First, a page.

Women's groups say the television advert, the latest in a bizarre series from the fizzy-drink company, is demeaning. It follows another campaign showing an English country gentleman beside his two labradors saying: "I love my Irn-Bru and so do my bitches." Despite complaints about the poster, the Advertising Standards Authority backed Irn-Bru, accepting the argument that the poster was based on the absurdity of such a man using black American slang.
The latest film shows a woman being hypnotised by a psychotherapist. He steals her Irn-Bru and, after drinking it, tells her: "Oh, but you are still a goat." In the last scene, she is seen acting like a goat, nibbling the underpants on a washing line. Gerry Farrell, creative director at Leith Agency, which designed the campaign, said: "This has nothing to with gender. It is part of our theme of demonstrating that people will do anything to drink an Irn-Bru. There is no sexual innuendo. There is clearly nothing inside the Y- fronts. There is more innuendo in a Flake advert.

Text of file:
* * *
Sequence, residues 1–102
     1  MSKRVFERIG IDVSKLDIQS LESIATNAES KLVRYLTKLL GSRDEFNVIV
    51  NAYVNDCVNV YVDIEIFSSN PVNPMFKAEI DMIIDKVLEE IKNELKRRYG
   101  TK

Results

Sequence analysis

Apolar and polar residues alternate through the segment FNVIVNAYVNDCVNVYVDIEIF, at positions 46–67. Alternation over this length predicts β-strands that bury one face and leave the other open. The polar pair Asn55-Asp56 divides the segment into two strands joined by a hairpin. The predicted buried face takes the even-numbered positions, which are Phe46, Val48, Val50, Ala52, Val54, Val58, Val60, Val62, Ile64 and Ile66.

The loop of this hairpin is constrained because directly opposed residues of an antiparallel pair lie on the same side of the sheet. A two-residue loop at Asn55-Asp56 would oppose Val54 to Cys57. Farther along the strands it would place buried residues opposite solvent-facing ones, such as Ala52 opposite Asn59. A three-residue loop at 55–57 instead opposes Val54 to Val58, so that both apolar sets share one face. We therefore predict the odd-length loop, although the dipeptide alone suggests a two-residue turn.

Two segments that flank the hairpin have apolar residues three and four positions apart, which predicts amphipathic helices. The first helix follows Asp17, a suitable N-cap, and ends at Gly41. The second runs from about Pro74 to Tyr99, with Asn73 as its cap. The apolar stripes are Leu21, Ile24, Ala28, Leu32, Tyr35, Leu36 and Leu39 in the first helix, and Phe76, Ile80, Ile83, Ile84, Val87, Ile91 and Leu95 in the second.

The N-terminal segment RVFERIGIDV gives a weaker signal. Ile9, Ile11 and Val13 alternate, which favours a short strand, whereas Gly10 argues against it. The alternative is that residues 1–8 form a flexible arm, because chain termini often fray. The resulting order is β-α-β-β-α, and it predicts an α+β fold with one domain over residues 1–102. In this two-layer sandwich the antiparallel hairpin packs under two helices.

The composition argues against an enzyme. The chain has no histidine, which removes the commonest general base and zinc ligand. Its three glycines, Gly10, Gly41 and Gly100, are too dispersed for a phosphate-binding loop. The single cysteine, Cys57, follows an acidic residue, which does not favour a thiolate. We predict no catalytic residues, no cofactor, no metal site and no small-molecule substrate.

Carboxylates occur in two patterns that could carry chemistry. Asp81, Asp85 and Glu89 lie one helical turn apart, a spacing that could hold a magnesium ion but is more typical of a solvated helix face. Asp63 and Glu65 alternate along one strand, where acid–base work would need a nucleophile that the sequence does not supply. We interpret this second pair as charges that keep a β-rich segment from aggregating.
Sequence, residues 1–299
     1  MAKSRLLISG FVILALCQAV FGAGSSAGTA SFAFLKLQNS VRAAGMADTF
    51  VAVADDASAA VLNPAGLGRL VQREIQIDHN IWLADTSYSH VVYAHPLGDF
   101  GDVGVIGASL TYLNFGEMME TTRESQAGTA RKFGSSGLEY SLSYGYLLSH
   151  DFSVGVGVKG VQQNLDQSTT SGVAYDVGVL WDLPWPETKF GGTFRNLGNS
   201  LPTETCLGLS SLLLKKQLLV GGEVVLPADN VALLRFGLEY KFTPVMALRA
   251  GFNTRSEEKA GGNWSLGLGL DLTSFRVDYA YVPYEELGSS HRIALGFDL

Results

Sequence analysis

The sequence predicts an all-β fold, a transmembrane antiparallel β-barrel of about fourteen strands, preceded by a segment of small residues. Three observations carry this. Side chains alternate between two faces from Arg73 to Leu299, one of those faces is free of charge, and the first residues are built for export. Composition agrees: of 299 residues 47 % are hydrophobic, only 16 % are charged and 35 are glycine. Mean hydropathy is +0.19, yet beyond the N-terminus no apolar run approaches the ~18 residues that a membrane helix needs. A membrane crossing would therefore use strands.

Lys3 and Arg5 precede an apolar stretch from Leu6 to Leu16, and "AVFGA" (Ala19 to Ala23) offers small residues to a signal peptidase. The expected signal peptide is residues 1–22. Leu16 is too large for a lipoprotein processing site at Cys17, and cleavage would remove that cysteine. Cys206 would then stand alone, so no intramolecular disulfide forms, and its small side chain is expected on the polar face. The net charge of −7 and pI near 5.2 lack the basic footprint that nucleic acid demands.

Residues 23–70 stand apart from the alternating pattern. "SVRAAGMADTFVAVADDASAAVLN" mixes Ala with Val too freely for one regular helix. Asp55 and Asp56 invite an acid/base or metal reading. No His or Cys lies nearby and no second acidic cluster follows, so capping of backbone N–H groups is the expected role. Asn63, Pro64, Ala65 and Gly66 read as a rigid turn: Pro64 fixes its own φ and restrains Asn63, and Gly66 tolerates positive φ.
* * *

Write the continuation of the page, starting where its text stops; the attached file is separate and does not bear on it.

"The woman is merely doing what goats do - nibbling the washing. Our target audience is 12 and 13-year-olds. This is absurd humour aimed at making people laugh. It is only offensive to those very few women who may suffer delusions that they are goats."
But Lesley Irving, of Scottish Women's Aid, said: "It is not particularly helpful for women to be portrayed as animals, particularly these days, when we are trying to promote equality."
Mr Farrell said that the advertisement had been passed as suitable by the Broadcasting Advertising Clearance Centre. He said the surreal portrayal of women would continue in the new campaign, which is less Scottish than the old "made from girders" ads and aims to appeal more to consumers south of the Border.